Living well requires letting go of your self-image. Surprised?
How can that be?
After all, you have probably been told for years that the way to make improvements in the quality of your life is to improve the way that you think about yourself. Once you begin to accept the idea, for example, that you really are a nonsmoker, quitting smoking becomes easier.
That is the usual way that self-improvement works. I’m not denying it: it is possible to make improvements in your life by improving what you believe about yourself, which is your self-image. Once you really have improved your self-image, you will tend to behave in accordance with that improved self-image.
The self-help method of substituting better thoughts for thoughts you are attached to now certainly can work to improve your life.
However, that kind of improvement is insufficient for living well.
Haven’t you demonstrated that for yourself? Have you ever, for example, quit smoking, lost 20 pounds and kept them off for five years, bench pressed 300 pounds, increased your net worth to over one million dollars, or anything like that? What happened?
Your life improved – no doubt about that.
Then what happened? You adjusted to your improved life and that was that! Nothing about your essential dissatisfaction had changed.
Because Becoming is ceaseless flux, even if you had the power arrange everything exactly as you wanted it, that arrangement would soon fall apart. Living well isn’t anything at all like that.
Living well requires letting go of your self-image, which is detaching from egocentricity. It requires breaking bondage to thoughts (conceptualizations, judgments, propositions, statements, beliefs, evaluations, and so on).
Although letting go is simple, it is very difficult to do. As literate, civilized humans we are all attached to our thoughts about ourselves. There’s no question about that.
What sages do that the rest of us fail to do is to liberate themselves from bondage to thoughts. They transition from thought to no-thought, from judging to beyond judgment, from conceptualizing to freedom from conceptualizing, from thinking to awareness.
This doesn’t mean that they cannot think when thinking is necessary. It means that they are free from having to think incessantly, they are free to think or not to think.
Those of us who are still bound to thoughts drag those thoughts into all our experiences. This is a heavy burden. Instead of continually enjoying fresh experiences, we incessantly subsume experiences under concepts or labels, which deadens them. Life becomes wearisome, boring, tiresome, dull and flat.
Since thoughts are forms of Becoming, sages transcend Becoming to Being. It’s not as if all forms disappear; rather, it’s that all forms are experienced from the domain of Being rather than from the domain of Becoming.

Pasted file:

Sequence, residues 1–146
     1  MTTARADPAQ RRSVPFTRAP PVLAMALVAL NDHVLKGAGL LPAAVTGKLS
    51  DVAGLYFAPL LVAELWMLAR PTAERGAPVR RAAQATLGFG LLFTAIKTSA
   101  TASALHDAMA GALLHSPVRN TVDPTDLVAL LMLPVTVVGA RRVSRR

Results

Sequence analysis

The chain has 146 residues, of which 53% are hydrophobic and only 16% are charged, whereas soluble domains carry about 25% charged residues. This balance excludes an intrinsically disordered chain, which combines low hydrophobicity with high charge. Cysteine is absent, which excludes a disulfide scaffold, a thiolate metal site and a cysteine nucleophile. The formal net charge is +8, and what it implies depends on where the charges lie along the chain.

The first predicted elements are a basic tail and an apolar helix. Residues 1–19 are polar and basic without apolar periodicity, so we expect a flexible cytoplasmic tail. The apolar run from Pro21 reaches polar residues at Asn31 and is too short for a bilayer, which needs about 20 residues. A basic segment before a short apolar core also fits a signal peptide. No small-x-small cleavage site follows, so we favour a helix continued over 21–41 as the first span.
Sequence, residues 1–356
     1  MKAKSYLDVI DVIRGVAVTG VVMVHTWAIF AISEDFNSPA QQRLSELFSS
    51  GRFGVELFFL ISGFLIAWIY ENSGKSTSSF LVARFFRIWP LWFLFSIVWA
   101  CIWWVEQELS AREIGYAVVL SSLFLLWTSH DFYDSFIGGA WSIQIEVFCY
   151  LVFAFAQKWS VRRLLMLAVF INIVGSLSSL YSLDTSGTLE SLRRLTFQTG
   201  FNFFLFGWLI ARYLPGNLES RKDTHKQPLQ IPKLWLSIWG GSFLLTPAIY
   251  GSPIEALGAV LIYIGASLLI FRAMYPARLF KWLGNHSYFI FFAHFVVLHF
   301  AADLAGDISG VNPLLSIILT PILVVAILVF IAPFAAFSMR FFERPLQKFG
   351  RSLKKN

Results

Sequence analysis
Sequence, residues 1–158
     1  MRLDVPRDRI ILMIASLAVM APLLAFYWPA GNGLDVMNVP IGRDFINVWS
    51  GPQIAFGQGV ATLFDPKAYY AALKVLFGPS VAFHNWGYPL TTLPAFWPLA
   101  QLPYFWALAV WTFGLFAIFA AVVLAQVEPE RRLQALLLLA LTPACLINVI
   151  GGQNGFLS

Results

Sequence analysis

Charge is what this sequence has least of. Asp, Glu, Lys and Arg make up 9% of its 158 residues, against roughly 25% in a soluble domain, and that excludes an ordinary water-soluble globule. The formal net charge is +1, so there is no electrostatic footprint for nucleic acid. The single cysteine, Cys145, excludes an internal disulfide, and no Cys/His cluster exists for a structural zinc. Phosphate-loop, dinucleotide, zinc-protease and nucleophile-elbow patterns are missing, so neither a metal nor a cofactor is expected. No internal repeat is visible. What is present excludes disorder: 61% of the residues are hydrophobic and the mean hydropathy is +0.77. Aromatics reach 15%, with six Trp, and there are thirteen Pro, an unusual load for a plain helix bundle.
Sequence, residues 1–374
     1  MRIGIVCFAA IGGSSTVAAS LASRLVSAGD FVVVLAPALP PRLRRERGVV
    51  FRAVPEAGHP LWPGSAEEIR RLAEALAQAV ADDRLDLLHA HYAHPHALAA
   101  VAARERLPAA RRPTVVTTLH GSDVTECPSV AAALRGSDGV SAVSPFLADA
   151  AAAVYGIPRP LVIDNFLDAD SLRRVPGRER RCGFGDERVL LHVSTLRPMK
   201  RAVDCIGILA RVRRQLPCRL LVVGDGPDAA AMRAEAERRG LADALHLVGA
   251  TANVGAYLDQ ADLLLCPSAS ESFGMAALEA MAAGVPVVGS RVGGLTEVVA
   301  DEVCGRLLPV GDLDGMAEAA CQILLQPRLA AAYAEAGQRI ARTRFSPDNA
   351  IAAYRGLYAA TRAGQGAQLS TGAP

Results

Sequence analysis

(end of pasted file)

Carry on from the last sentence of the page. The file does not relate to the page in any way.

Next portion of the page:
That changes everything! Before liberation, forms were taken to be the whole of reality. After liberation, the whole of reality is taken to include Being as well as Becoming. Life forever becomes fresh, new, and bright.
It also changes nothing. Why?
It’s not as if, for example, all forms are replaced by other forms. For example, if you awaken spiritually your house won’t disappear! Rather, you’ll perceive your house differently because you’ll see it as an aspect of Being instead of an isolated form of Becoming.
It’s the quality of experiences that changes rather than the experiences themselves. Thoughts no longer necessarily contaminate experiences.
The same applies to your self-image, which is nothing but a set of thoughts.
You will still be able, if you want, to think the same thoughts about yourself that you had before, but you won’t mistake them for the real you. The real you is neither a thought nor a set of thoughts. It is neither a form not set of forms. The real you is Being itself.
When you realize this, you will immediately stop identifying with a certain autobiography or life story or a certain body that supposedly persists for many years. That body had a beginning and will have an end. It exists in the domain of Becoming. You will fear the end of that form only if you continue to identify solely with it.
Since all language comes from Becoming, it is impossible to use language to describe the transition from experiencing life from the perspective of the egoic mind to the perspective of the Great Mind. At best, words are nothing but signposts.
As Sengcan, who was the third Chan [Zen] ancestor, put it in the oldest Chan document: “To seek Great Mind with thinking mind / is certainly a great mistake.” In other words, it’s impossible to think yourself from Becoming to Being.
To realize Being directly, just stop the mind from discriminating. That is like waking up from a sleep and “all dreams will vanish by themselves.”
Waking up is simply dropping attachment to self-image.
As always, if you know someone who might benefit from this post, please forward it.
Additional resources: Helen Schucman’s A Course in Miracles and Eckhart Tolle’s “Living the Liberated Life and Dealing with the Pain-Body” (3 CD set).